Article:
Rangers midfielder Lee McCulloch believes new manager Ally McCoist has the right attributes to be a success in the job.
McCoist is stepping up from his role as assistant to Walter Smith, who signed off with a third consecutive Scottish Premier League title triumph on Sunday.
"We've seen him (McCoist) lose it a few times and it's not a pretty sight.
"He's defintely got the respect from the dressing room and a good mentor so I think he'll do well," said McCulloch.
McCoist spent 15 years as a player at Ibrox and, after ending his playing career with Kilmarnock, worked in television before starting his coaching career as one of Smith's assistants when the latter was Scotland's national team coach.
And McCoist joined Smith, who first managed Rangers in the 1990s, in returning to Ibrox in 2007.
"Coisty is Mr Nice Guy to everybody, the outsiders," McCulloch told BBC Scotland.
"But for the boys in the dressing room, they'll be first to tell you he's got the side to him that no player wants to see and that's how he'll get respect from the dressing room."
The SPL title initiative swung towards Rangers when Celtic lost to Inverness earlier this month and McCulloch believes it was the Ibrox side's desire more than their experience that made them champions again.
"We've taken a lot of stick this season," said the 33-year-old. "The boys personally and as a group have had a lot on their plate and as group we've stuck together, we're all really close and we just want to win, we're all winners.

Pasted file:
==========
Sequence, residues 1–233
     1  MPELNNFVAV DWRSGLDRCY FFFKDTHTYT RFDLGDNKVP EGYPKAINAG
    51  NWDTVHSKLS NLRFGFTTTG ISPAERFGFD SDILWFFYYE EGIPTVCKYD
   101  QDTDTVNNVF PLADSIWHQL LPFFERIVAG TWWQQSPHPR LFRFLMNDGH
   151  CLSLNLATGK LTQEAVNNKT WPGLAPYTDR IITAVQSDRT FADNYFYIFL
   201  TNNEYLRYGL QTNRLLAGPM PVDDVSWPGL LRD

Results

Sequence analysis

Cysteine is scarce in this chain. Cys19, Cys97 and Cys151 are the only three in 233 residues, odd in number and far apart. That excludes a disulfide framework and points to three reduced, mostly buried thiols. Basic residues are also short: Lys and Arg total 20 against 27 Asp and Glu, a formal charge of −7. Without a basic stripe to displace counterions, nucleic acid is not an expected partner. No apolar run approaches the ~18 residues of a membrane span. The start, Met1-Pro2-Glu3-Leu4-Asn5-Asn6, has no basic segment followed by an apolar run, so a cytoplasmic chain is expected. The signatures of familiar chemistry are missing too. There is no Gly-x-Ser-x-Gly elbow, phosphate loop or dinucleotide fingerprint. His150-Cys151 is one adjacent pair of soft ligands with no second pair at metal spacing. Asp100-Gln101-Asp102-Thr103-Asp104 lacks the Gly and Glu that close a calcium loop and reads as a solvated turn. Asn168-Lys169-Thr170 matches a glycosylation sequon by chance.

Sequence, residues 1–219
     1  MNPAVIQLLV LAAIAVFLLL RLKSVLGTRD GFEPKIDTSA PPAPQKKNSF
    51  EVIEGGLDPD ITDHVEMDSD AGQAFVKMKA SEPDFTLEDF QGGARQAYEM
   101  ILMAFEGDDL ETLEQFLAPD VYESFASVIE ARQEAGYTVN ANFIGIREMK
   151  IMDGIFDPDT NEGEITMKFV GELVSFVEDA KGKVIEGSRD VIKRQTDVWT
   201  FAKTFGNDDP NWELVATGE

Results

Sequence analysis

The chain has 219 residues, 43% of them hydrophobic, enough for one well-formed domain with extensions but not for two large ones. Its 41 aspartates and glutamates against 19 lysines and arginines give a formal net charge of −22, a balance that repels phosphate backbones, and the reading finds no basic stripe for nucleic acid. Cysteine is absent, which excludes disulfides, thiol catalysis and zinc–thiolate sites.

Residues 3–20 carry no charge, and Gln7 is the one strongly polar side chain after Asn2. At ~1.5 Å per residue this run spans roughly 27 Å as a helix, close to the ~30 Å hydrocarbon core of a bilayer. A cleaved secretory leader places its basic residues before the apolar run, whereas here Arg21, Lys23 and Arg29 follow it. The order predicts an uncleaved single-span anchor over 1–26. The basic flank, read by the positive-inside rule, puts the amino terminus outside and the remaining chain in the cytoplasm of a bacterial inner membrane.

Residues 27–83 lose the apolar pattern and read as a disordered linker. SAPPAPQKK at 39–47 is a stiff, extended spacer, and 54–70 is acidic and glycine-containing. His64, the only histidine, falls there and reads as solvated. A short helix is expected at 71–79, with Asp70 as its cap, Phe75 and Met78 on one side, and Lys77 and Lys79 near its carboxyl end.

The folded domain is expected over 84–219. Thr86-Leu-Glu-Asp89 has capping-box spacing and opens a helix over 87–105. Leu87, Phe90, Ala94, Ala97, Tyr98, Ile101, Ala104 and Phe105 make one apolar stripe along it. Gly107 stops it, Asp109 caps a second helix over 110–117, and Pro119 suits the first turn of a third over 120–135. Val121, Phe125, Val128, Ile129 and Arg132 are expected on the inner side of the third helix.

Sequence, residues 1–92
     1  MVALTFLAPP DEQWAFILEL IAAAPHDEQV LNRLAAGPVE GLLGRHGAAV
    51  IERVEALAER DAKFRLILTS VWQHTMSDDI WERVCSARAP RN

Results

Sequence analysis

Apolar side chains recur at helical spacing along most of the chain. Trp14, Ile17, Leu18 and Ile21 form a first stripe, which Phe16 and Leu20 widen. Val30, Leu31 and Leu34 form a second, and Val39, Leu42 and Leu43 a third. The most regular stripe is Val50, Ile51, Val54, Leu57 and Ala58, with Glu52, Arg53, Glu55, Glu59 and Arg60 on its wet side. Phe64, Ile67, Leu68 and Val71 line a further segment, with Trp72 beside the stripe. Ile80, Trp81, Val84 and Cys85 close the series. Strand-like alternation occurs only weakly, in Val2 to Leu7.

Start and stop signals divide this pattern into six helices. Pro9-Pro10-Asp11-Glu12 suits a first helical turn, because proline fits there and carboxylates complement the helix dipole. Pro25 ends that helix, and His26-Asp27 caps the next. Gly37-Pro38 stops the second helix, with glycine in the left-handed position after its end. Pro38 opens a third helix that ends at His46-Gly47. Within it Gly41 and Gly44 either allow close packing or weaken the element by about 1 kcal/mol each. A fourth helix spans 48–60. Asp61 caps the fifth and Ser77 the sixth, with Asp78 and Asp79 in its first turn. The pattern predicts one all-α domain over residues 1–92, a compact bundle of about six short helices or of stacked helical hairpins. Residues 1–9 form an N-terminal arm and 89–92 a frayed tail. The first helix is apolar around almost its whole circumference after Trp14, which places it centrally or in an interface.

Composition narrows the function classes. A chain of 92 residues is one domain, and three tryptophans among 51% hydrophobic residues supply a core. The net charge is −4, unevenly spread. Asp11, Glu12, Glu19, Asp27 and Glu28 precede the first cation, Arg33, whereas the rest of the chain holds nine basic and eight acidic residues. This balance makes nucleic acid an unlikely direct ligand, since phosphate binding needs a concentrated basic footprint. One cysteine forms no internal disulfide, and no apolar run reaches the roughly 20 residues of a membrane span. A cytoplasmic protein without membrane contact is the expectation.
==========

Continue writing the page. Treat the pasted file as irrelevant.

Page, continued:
"It's happened all season with the media that's built up Celtic and maybe been a little bit down on Rangers. I'm not going to say disrespect but I they've been a little bit down on the Rangers team, the Rangers players, individuals and it's just kept us quietly confident that we can go and do a job.
"Obviously we got a lift from the Inverness game, which was massive. To go and win the league from that was great.
"When it was out of our hands, we knew what we had to do, we just had to go and win our games and hope we'd get a result and, after the Inverness game, basically I think there was no looking back.
"If you want to win the league, desire wins you the league. Obviously it helps a little bit if you've done it before and been through the course of the big pressure games but I think desire and the will to win is the main point of us winning the league.
"That's what Walter Smith has instilled in all the players, a total will to win.
"We just hate getting beaten. In training everyday, nobody likes losing, there's an argument on our training ground every single day and I think that can only be a good thing."
As well as Celtic's loss to Inverness, McCulloch believes Rangers' triumph over Celtic in the Scottish League Cup final was a key turning point.
Rangers went into the game having lost three of the previous Old Firm derbies but won 2-1 at Hampden.
"That was a big game for us after losing the Old Firm games, it was massive for us," McCulloch said. "If we lost that then all momentum was lost.
"Just before that was when we were probably at our lowest and to win that cup it gave the club, the fans, everybody a massive lift. It managed to kick us on a little bit.
"It took a lot of pressure off us. After all the Old Firm games and what had gone on, even what was going on off the pitch and what was going on at the club with the takeover as well, it was a massive, massive lift."
Meanwhile, McCulloch believes Rangers should honour Smith, who has won 21 trophies across his two spells as manager.
"The respect he has shown in winning and defeat, he's been a credit to Rangers, he's been a credit to himself and his family," added McCulloch. "All the players can't speak highly enough of him.
"He's due that statue outside Ibrox and hopefully they'll put it up soon."